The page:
30.  At the start of dinner, the Director gives a welcome speech and gives out his coin to the crew of the Lady.  He also talks about how the plane ended up in the hands of its former pilot at the end of the war.  He ends his remarks saying the plane will go into the museum restoration shop on Monday to be torn down and rebuilt.  At dinner Nicole hears two of the guests talking about the murder again and missing Nazi loot, including paintings and jewels at the end of WWII.


32.  After dinner Beckett asks if she’d like to dance.  She does, after Doris happens to be standing behind her, and answers yes for her.  There are sparks there, which makes Nicole feel guilty because of Thomas.  In spite of herself, as they dance she feels a strong attraction to Beckett.  It’s the first time she’s felt that way since Thomas.


33.  Toward the end of the evening, Director Burch, Nicole, J, Brown, and Jeffries meet in a side room away from partygoers, so the Director can be updated on the investigation.  Jeffries says that he’ll be guarding the plane for part of the night, but Security Forces troops will take over around 0100.  Beckett waits in the Museum lobby to walk Nicole to her car.  Nicole invites Beckett to go on a flight with her early the next morning, so she can pick up the research material from her friend at the WWII Museum at Grimes Field.


34.  Nicole gets home and is relaxing in the backyard when she’s startled by Charles Peterson coming into the backyard through the garage.  Her combat training has her on full alert.  He walks closer and says he wants to get to know her better, that they didn’t have enough time to talk that day.  Nicole’s gut is telling her to be careful.  She’s polite but firm, saying that they’ll have to talk at the Museum the next day.  She watches him get in his car and drive away.


35.  That night there is a third break in at the museum.  The Security Chief turns off the alarm because he or J will be there.  J gets there during the break-in, hears the noise and gets off a shot.  He hears what sounds like marbles falling near the plane.  He is grazed in the head, making him unconscious, but the murderer heard him call for backup, so they leave.




36.  At 7am Nicole takes off for Grimes with Beckett and Nico.  They meet the WWII expert, Roger, for breakfast.  He gives Nicole the materials his friend dug up at the National Archives, which include information on Nazi loot as well as the murder near the Champagne Lady at the end of WWII.  Roger says it might be a good idea to look through the pictures included, even though they’re grainy.  On the flight home, Nicole’s plane’s engine starts sputtering and stops completely while still a short distance from her home base.  Beckett and Nico brace for a possible crash landing, but Nico is completely confident that his aunt can land a plane no matter what is wrong with it.  They brush the trees on approach, but Nicole successfully glides her plane to the airpark runway.  Neighbors rush out with fire extinguishers, which turn out to be unnecessary.  Nicole calls her mechanic and he says there was nothing wrong with the plane when he checked it the month before.  He says he’ll be out later that day to find out why the engine quit.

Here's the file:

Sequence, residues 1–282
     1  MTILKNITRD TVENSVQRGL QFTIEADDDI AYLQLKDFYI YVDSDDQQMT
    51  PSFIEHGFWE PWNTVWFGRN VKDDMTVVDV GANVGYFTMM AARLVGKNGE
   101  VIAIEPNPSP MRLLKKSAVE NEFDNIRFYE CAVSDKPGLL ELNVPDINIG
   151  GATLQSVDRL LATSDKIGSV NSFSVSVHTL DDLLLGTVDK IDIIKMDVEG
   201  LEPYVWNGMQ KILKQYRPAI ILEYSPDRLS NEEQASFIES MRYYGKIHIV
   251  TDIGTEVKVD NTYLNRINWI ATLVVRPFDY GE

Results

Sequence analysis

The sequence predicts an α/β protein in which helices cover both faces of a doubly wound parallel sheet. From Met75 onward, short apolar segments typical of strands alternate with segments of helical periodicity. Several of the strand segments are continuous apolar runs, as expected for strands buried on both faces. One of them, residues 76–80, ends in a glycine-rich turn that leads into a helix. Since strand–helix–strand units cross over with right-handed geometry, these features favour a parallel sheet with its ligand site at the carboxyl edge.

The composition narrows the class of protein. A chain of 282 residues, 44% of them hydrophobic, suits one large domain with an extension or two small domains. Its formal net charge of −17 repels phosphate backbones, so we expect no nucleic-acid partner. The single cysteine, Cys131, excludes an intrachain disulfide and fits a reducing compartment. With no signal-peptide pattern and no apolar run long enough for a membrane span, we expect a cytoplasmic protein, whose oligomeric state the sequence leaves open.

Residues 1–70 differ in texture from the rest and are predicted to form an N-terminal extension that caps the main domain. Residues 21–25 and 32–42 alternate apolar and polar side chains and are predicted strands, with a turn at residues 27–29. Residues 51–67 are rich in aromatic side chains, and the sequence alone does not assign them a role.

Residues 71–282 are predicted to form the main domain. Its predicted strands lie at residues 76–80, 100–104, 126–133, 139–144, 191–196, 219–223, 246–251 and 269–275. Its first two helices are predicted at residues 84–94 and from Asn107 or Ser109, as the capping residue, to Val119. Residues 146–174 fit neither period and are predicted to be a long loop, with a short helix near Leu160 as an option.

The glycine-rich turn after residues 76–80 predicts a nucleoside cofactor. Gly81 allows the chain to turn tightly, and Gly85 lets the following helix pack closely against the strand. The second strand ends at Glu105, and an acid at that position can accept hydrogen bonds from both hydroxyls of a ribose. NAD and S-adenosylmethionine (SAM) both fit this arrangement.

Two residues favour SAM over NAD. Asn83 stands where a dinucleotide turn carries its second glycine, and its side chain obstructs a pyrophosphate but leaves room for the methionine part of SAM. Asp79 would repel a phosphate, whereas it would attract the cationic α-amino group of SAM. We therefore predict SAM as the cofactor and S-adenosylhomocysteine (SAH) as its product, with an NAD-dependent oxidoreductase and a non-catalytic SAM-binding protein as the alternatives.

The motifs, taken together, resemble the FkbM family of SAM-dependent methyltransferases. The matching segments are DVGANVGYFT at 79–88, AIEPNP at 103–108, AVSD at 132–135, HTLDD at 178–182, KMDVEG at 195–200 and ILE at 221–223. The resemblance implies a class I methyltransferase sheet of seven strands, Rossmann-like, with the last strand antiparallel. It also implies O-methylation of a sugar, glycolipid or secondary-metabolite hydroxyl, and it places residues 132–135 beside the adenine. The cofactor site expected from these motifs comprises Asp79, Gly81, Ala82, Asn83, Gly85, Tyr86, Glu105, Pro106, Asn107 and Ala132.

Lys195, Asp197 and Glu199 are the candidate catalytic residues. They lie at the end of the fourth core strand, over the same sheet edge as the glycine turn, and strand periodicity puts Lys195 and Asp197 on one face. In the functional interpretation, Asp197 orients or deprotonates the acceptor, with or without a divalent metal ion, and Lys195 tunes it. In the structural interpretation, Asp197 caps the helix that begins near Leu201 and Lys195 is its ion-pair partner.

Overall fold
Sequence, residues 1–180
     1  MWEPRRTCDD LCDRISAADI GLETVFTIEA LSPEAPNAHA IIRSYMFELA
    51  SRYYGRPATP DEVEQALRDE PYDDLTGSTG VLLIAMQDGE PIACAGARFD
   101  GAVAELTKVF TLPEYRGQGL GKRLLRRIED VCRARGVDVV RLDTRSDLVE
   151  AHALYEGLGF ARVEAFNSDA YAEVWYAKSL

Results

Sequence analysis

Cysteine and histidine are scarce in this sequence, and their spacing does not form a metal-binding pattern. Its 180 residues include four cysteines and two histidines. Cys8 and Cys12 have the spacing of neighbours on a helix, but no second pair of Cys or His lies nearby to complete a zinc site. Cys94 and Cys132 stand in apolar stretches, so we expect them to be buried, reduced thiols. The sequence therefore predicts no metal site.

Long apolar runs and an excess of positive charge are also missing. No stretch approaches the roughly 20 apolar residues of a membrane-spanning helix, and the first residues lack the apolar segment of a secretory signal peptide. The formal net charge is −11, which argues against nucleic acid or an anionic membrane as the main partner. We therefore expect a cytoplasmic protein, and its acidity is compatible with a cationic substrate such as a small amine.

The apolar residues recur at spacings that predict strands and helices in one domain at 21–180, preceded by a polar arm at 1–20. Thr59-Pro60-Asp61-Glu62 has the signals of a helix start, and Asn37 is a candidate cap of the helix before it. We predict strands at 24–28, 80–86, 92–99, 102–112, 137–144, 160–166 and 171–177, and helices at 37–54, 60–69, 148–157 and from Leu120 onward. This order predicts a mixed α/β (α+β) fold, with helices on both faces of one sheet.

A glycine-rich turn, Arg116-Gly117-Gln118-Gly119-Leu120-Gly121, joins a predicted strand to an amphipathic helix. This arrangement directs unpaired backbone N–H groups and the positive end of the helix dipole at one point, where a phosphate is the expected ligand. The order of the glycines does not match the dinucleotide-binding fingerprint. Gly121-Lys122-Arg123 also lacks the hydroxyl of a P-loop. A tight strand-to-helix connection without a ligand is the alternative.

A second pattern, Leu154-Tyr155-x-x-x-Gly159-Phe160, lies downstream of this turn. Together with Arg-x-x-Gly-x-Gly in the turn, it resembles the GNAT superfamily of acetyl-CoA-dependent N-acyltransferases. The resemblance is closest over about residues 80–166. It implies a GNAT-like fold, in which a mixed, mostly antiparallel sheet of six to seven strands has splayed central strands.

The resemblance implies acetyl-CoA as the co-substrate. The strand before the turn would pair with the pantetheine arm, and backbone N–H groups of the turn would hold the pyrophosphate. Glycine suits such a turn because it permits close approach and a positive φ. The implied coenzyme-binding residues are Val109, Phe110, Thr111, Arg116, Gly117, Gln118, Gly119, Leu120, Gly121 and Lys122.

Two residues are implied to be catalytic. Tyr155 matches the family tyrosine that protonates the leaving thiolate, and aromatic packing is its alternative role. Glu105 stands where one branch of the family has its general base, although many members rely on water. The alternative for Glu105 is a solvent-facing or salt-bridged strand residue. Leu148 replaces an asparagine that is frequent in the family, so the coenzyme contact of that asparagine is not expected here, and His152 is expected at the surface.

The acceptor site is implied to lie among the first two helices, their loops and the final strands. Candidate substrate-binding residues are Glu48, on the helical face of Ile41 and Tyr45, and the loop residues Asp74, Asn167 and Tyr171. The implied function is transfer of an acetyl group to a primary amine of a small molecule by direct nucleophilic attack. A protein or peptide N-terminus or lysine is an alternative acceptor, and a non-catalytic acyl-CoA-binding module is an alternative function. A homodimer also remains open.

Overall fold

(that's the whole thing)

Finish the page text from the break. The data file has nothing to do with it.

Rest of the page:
37.  Nicole goes to the museum and sees that there’s been yet another break-in, in spite of Jeffries, J and the SF troops guarding the Annex.  SA Brown and crew find jewels scattered inside and outside of the plane.  There is some blood just inside the hatch entry, so the murderer must be at least wounded, but got away.  J was grazed and lost consciousness for a short period.  After the crime techs are finished, J, Brown, Jeffries and Nicole go inside the plane.  An expert from the restoration unit joins them.  They see that an inside the panel just before the cockpit entry was taken off and left on the floor of the aircraft.  Nothing was left inside the open panel.  The restoration expert says that if there’s anything left, it will be found when the plane is stripped down during restoration.


38.  Walking to the empty office area at the back of the hanger, Brown, Nicole, Jeffries and J now know the murderer was after the jewels.  They know the murderer must be one of the VIP guests, as they were the ones who were on-scene when the jewels were put into the plane at the end of WWII.  But most of the crew was now gone or in their nineties.  J says that he and Brown will go to the suspects and interview them to get additional information.  Nicole receives a text from Shelly saying some of the VIPs went to the Nazi rally in Dayton, and that they are at the Dayton Police Station.


39.  Nicole goes to the Dayton PD station where the Staffords, Al Hertenstein, and JC Nelson are making statements to the police.  JC, great-grandson of a crewmember, says the Nazis didn’t do anything, those protesting against them started the trouble.  The Staffords agree.  These comments incense Al, and a shouting match resumes among all of the VIPs and their families.  The police officers say they won’t press charges against any of them if Nicole will just get them out of the station.  She encourages them all to go to back to the Base.  Nicole lets J know they’re all headed back to the Base.